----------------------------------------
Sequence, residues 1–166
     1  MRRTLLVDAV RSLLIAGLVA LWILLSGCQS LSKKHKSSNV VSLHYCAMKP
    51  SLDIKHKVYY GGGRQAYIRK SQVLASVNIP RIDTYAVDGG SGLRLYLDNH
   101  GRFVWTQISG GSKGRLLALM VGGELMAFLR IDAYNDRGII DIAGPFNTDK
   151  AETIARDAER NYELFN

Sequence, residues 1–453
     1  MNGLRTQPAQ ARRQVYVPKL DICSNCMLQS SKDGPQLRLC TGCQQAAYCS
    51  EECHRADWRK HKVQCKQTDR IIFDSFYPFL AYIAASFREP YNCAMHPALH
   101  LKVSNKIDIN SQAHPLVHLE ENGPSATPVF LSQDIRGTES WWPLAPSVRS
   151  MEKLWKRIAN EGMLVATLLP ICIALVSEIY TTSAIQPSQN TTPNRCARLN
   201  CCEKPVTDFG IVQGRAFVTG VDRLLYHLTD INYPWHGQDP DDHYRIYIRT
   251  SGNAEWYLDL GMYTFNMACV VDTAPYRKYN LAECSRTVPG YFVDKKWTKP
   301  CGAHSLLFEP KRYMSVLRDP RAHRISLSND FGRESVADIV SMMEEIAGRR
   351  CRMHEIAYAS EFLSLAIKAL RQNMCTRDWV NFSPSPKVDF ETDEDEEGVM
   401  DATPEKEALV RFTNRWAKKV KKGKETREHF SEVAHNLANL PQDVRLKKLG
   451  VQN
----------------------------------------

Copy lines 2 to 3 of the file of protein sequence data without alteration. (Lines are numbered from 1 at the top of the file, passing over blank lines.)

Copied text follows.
     1  MRRTLLVDAV RSLLIAGLVA LWILLSGCQS LSKKHKSSNV VSLHYCAMKP
    51  SLDIKHKVYY GGGRQAYIRK SQVLASVNIP RIDTYAVDGG SGLRLYLDNH